Inspecting: Corrosion | Paint | Chemical Exposure/Contact


What to Look for!

Part 2 of 3


The zinc coating has worn off on the bottom half of carabiner.


No signs of pitting, this carabiner is still usable providing the gate is fully operational.


Signs of pitting of the metal, preventing the gate from operating properly. This carabiner should be retired from use.


Fall protection equipment is often present during painting. Overspray, cleaning agents, and saturation by paint is not uncommon damage to this equipment. Some additional research is required to determine the type of paint and if there are any additives or ingredients that will adversely affect the equipment. Paint will usually affect the equipment in one of three ways: the function on gates of connectors, saturating the webbing, thus becoming brittle once dry, and/or by chemical damage by additives, hardeners or other paint qualities. Minor overspray by a water-based paint is not usually considered enough to retire the item providing the function and condition is not affected and the webbing is still supple. A section of webbing that is saturated and hardened would be cause for retirement.


Overspray is common and not usually an issue, providing the chemical properties of the paint does not affect the harness and the overspray does not hinder connectors or adjustments.


Saturation of webbing by paint, which hardens the webbing, limiting ability to stretch during fall arrest.


Paint is an issue when it gets so heavy that it hinders gates from opening or working properly.


Economy harnesses can be used and discarded after the job, or harnesses with protective coatings can be used.

Ultraviolet Light (UV) Damage

Ultraviolet light begins to bleach and dry synthetic materials out. Eventually the material becomes brittle and loses it’s strength and elastic properties. It is important that any synthetic be removed from service before this occurs. Like other inspection issues, UV is difficult to quantify because the duration and intensity of the light varies from one location to the next.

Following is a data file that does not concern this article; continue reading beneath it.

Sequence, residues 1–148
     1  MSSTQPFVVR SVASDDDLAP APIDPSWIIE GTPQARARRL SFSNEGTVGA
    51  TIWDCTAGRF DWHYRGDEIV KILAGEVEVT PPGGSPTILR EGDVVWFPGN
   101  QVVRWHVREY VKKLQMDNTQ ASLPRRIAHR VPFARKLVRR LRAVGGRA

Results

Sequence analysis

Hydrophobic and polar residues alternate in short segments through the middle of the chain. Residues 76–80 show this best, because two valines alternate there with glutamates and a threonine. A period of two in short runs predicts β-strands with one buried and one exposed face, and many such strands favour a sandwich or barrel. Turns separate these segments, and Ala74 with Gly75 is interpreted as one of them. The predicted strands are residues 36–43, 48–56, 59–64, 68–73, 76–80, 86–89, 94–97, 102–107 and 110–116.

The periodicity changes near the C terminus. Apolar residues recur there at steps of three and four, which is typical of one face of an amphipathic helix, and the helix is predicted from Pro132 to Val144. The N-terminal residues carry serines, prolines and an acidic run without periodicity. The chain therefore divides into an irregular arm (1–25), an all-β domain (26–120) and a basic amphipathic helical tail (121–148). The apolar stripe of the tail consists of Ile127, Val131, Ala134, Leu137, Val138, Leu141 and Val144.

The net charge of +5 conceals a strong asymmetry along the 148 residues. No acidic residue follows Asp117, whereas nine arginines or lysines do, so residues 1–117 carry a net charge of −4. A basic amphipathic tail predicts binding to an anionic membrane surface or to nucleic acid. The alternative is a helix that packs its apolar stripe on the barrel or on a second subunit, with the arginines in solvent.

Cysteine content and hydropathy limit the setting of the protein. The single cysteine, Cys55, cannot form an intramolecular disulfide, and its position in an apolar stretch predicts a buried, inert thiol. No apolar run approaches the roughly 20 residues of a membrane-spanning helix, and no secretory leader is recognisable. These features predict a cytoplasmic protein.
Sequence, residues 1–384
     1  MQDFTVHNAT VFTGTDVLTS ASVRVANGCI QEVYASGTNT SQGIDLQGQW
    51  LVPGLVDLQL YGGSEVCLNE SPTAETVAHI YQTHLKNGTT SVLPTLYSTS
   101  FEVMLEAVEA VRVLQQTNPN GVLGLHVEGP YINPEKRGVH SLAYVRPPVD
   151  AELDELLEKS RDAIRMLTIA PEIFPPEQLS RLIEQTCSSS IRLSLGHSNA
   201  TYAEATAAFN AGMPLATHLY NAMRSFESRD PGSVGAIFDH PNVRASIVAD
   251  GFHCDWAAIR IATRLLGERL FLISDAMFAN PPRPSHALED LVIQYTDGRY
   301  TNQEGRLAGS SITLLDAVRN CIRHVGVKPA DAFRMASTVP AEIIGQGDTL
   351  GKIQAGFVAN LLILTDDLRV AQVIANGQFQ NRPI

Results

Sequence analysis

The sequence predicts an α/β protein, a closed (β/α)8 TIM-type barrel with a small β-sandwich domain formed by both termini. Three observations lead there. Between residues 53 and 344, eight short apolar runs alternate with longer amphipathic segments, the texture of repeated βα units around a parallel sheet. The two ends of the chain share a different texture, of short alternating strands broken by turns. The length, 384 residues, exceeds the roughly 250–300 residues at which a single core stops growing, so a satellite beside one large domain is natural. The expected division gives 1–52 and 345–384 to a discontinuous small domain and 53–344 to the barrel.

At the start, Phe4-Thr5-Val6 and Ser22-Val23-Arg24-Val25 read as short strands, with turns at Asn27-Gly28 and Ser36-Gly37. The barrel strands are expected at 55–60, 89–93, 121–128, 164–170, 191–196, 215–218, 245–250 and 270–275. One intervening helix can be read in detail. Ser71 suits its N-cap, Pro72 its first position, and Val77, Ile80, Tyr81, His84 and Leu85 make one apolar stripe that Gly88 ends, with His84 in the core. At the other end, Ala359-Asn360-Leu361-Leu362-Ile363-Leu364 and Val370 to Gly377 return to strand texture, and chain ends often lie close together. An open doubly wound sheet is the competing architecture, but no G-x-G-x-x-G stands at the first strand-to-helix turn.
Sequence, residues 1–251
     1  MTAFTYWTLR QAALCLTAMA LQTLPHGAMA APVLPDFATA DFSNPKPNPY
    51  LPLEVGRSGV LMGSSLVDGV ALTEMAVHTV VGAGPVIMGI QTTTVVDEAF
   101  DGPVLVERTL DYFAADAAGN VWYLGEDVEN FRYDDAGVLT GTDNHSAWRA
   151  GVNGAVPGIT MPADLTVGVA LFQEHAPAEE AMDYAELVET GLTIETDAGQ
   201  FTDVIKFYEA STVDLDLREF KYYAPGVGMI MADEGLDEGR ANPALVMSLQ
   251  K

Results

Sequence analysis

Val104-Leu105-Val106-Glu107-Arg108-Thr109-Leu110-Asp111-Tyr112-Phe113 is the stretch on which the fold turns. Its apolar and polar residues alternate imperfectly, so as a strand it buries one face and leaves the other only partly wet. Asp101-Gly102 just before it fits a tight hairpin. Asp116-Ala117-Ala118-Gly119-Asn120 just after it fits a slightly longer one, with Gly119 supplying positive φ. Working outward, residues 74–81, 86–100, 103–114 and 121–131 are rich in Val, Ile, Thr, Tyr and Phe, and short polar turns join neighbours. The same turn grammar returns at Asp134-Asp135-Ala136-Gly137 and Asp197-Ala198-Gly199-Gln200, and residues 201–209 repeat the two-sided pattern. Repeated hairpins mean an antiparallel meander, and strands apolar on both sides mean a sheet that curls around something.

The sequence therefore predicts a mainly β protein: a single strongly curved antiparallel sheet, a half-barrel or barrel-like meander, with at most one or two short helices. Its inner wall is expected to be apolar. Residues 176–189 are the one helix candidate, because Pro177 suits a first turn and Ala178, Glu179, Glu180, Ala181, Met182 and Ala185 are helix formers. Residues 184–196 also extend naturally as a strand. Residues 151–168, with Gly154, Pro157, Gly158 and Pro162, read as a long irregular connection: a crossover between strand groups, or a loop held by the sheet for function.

No UV exposure.


Discoloration caused by exposure to the sun. Material becomes faded, dry and loses its strength and elasticity. Remove from service.

Chemical Exposure/Contact

Chemical exposure is a challenging inspection item since there are thousands of different chemicals and active ingredients. Most equipment manufacturers can provide specific insight with chemical exposure, but specific published guidelines are rarely available. Research is required to find what chemicals are in use and how they will affect nylon, polyester, steel, and aluminum components. Sulfuric acid (automotive batteries) deserves specific mention since it is very damaging to synthetics. It readily dissolves the material and extreme care needs to be taken using fall protection equipment around sulfuric acid. Gravitec recommends the inspector understands the work process where equipment is being used, refers to the MSDS of the chemical involved, and contact the item’s manufacturer for direction.

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